The Olive Tree (Judges 9:8)
“The trees surely went to anoint a king over them. And they said to the olive tree, “You must surely reign over us!”
As we see what is going on in the land of Israel at this time, and as we reflect back at the history of Israel as it moves out of the book of Judges and into the books of Samuel and Kings, we get a taste for the heart of the people. They want an earthly king over them. Why is this? Certainly, they had a king in God. He sent his prophets and judges to lead his people when necessary and he provided Levites to provide for the people’s religious needs. Why would they want a king?
As we spoke earlier, though, the Israelites had not driven the Canaanites from the land and the Israelites had adopted much of the Canaanite culture into their own. They looked at the other nations and said to themselves, we must have a king so that we can be known in the land. They were not interested in God’s protection and leadership; they were interested in their own honor and greatness. Thus we see the people longing to make Gideon their king and when he refused, they made Abimelech their king against his wishes (as he had said that no son of his should be king). So here we see the eagerness of the trees, who need no king, but want one to satisfy their own ego. And they begin by going to the olive tree.
It is absolutely appropriate that they look to the olive tree first. The Olive tree is a symbol of Israel in both the Old and the New Testaments (Jeremiah 11:16, Romans 11:17) and also is used in Messianic imagery as well (Zechariah 4:11-14). Of course, olives were a staple fruit throughout the history of Israel. Not only were they used as food but they provided oil for cooking and for lamps.
The trees have gone to the rightful leader first, God’s anointed tree, if you will. In the context of this story, they went to Gideon, the judge first. The problem that came out of this is that in their zeal to have a king, when he refused, they did not stop there. They were determined to make their own king rather than waiting for God to raise someone up to fulfill their needs.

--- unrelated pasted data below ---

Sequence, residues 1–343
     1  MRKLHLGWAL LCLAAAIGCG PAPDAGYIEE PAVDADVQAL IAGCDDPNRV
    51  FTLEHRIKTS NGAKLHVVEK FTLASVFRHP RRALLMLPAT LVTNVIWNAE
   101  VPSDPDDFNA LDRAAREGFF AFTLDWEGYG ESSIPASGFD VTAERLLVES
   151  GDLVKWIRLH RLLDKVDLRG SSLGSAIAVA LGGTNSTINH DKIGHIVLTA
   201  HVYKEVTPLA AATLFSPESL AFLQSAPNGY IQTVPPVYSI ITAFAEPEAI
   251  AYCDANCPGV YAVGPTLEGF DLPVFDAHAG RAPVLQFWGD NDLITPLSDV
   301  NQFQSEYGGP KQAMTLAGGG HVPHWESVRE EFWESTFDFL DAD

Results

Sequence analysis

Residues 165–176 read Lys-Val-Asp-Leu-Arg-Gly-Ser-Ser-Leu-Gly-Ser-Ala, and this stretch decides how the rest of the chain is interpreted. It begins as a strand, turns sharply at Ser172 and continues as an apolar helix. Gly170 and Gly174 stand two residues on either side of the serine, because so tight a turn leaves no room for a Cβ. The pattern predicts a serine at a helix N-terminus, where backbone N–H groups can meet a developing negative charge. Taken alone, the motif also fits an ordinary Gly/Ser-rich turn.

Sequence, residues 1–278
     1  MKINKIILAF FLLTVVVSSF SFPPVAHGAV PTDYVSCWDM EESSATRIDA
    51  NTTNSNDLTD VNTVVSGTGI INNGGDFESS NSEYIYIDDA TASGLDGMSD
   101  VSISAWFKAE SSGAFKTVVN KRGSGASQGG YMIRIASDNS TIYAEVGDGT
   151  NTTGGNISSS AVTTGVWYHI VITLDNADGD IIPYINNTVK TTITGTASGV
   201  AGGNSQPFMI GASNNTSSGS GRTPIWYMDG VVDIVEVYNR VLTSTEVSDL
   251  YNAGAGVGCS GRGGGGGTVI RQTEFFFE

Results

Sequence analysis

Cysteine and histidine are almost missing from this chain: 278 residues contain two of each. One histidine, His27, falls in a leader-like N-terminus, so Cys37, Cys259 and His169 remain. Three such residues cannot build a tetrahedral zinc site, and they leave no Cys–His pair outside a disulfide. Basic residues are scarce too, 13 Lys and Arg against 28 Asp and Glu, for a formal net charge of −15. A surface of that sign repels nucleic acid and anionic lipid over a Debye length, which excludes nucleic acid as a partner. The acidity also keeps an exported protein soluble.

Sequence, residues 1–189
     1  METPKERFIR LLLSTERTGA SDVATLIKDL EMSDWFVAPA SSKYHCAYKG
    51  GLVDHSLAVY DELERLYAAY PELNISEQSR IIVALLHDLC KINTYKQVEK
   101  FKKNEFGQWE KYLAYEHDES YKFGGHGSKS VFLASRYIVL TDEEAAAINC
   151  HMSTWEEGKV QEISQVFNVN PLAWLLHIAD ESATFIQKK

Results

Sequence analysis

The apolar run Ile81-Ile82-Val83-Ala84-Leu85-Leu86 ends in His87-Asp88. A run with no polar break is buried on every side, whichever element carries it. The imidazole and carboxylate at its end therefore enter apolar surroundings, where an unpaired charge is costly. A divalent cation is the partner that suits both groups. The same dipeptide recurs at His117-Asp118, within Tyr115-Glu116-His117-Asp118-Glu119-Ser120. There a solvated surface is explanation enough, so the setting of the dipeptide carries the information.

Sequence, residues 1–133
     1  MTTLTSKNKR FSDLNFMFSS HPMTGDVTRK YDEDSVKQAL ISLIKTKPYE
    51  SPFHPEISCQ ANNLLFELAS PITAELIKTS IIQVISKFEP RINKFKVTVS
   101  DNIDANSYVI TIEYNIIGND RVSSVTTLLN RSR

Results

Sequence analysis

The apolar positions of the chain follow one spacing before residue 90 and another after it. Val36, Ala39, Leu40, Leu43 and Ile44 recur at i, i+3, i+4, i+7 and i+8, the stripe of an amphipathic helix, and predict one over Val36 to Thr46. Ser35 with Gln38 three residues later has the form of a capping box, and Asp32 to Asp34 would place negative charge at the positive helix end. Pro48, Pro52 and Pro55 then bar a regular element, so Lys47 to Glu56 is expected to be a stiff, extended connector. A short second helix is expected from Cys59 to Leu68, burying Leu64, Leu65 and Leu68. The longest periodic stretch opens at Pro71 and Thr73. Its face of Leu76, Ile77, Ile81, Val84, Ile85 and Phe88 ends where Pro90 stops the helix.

How often do we do we behave this way in our own lives. We look at the world around us and get jealous of the things that they have and we perceive ourselves as lacking because we do not have them. We know from scripture and experience that God blesses us when it is appropriate and in his time, but we aren’t always satisfied with that. We want God to act on our own timetable and according to our own parameters. And when God says “no” to us, we go about trying to make things happen for ourselves.
What trouble we usually make for ourselves when we do this. Indeed, that is where this parable is going, and of course, that is where the history of the people of Israel takes them. Friends, as we reflect on this parable, let us reflect also on our own lives and learn from the mistakes of those who have failed before us. Let us learn to wait as the psalmist calls us to do, when he says:
“My soul waits for the Lord more than watchmen for the morning, more than watchmen for the morning.” (Psalm 130:6)
Let us learn now to wait upon the Lord and not rush headlong into trouble and sin.